Got plans to be in a warmer town come summertime
      Maybe even California
      If we make it through December, we’ll be fine.”

I lost my dad to cancer in 2006; he was only 52.  I lost my sight in 2008; I was only 28.  Dad did not live to see me overcome that horrific ordeal.  He never even knew I was struck with LHON.  He didn’t know I graduated with honors from Belmont University College of Law and that I’m an attorney.  He missed my marriage and the birth of his precious granddaughter.

Dad’s December was his cancer suffering that is all over now.  All gone.  No more pain.

My December lasted almost two years after I first lost my sight.  Eventually I grew into a new life of acceptance and strength.

We made it through our Decembers, Merle, Yes: Everything’s gonna be all right, I know.

#merlehaggard  #LHON  #lebershereditaryopticneuropathy

Tuesday, November 28, 2017

The Good Old Digital Talking Book Machine

Just this week I had the privilege of helping order my grandmother’s winter supply of books for the Digital Talking Book Machine to get her through the cold, lonely days and evenings when she can’t putter in her yard.  The Tennessee Library for the Blind and Physically Handicapped provides the machines, which are similar to a tape recorder/cassette player, for those with sight impairment. This good old Digital Talking Book Machine is what opened up the world to me very shortly after I was struck with LHON.  Books and reading were an important part of my life and losing the ability to read was a primary reason for my post-sight loss depression. I still have many print books that I cannot part with even though I can no longer read them.  The content of those books is so precious to me.  I once read every word with my sight.

The good old Digital Talking Book Machine sort of paralleled my introduction to technology via the iPod.  I eventually graduated from the DTBM to web-based downloads on my iPhone and iPad and continued to wrap my world in the audio realm of books like the alphabet series by Sue Grafton IN ORDER beginning with A is for Alibi all the way to her final one simply titled X.  I’m equally fond of the series by Martha Grimes that follows her English character Superintendent Richard Jury.  Michael Connelly’s books about detective Harry Bosch’s cases in L.A. intrigue me and I’ve read every title by Harlen Coben about protagonist Myron Bolitor.  The Stephanie Plum series by Janet Evanovich, Jonathan Kellerman’s books about detective Alex Delaware, and the Jake Brigance series by John Grisham are also at the top of my favorites list.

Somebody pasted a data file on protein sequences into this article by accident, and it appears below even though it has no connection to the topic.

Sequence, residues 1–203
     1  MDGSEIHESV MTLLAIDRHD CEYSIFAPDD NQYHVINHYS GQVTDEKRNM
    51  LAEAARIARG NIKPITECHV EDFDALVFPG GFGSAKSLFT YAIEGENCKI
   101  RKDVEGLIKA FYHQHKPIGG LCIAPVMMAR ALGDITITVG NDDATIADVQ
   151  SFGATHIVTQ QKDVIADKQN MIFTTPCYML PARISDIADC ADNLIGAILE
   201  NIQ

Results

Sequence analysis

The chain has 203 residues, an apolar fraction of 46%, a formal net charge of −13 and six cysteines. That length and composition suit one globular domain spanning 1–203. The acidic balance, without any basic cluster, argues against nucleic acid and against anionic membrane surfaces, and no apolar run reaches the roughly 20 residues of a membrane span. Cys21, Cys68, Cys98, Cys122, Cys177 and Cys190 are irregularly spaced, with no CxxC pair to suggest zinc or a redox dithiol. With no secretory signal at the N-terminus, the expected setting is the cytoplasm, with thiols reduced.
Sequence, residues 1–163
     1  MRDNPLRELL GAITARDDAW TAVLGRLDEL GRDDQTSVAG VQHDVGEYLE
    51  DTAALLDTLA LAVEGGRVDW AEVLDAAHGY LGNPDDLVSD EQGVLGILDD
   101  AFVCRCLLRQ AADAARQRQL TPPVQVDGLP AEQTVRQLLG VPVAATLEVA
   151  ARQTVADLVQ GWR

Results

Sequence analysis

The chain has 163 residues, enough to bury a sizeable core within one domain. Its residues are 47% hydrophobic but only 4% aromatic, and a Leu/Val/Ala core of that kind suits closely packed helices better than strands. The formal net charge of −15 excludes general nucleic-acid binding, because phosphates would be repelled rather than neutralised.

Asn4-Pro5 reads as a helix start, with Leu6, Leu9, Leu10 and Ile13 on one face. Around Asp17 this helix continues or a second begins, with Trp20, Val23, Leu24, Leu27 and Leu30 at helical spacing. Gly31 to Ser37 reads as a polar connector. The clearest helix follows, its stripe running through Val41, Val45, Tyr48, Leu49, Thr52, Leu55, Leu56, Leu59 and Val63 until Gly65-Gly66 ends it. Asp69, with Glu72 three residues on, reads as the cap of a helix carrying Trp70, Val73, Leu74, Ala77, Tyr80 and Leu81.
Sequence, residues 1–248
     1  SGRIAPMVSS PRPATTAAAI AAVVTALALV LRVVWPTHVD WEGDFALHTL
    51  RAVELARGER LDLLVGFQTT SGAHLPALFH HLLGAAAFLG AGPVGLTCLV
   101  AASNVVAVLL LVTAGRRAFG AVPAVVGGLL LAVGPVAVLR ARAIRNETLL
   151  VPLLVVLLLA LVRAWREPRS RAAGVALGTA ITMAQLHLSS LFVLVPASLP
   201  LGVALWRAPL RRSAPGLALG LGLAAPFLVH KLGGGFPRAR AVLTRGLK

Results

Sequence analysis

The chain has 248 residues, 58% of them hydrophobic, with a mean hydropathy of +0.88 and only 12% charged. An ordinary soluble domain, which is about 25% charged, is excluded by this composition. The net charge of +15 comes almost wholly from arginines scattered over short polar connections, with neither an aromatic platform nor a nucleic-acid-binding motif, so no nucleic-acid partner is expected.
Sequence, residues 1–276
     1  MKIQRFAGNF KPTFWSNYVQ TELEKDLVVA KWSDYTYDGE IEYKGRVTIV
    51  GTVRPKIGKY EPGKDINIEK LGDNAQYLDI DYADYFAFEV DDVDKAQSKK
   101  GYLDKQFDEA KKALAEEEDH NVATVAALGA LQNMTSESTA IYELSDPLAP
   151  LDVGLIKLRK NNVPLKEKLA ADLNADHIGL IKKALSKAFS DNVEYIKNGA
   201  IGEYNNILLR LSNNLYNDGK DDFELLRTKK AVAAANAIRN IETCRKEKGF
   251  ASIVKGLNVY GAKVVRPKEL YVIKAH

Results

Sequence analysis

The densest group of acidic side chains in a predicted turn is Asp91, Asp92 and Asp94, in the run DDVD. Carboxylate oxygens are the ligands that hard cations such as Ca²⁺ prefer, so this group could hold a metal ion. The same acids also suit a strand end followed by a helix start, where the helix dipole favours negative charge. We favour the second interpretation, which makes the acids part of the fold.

The TN Library for the Blind reached out to the sister libraries in Ohio and Idaho to fulfill my grandmother’s request to sit in her special chair, right there in her den, and visit Cornwall in England with five books by Rosamund Pilcher.  She’ll go to a cattle ranch in early Montana and the Northern Plains when her Digital Talking Book Machine reads A Bride Goes West by Nannie Alderson.  She’ll call on Elmwood Springs, Missouri and discover what strange things are occurring at the cemetery there when she listens to The Whole Town’s Talking by Fannie Flagg.  I’ve assured her the macular degeneration that’s robbed her sight in a way similar to mine does not have to defeat her.  She can still explore this magnificent world by just punching the BIG GREEN PLAY ARROW.

#digitaltalkingbookmachine  #tennesseelibraryfortheblind  #LHON  #lebershereditaryopticneuropathy

Friday, November 24, 2017

Thanksgiving Leftovers

Last year at Thanksgiving, our obligations took us to another faction of family and I missed the dressing.  That’s THE dressing.  But my brother snapped a photo and sent it to me just as we were about to sit down to a meal void of anything remotely as wonderful and delectable as our grandmother’s cornbread dressing.  Northerners call it stuffing or filling; we in the South do not.  We call our grandmother “MaMa” (pronounced MawMaw) and she’s now 88 and although others within our family have the recipe we still have MaMa make it.  [I confess there’s little point in my possession of it, though I do, as my cooking prowess is lacking.]  Her homemade biscuits, cornbread, onion, broth, and sage—all combine and bake in absolute perfection.  It’s her joy; her gift to the family; her reason to beam when we rave. She always makes too much and we always bring take home containers.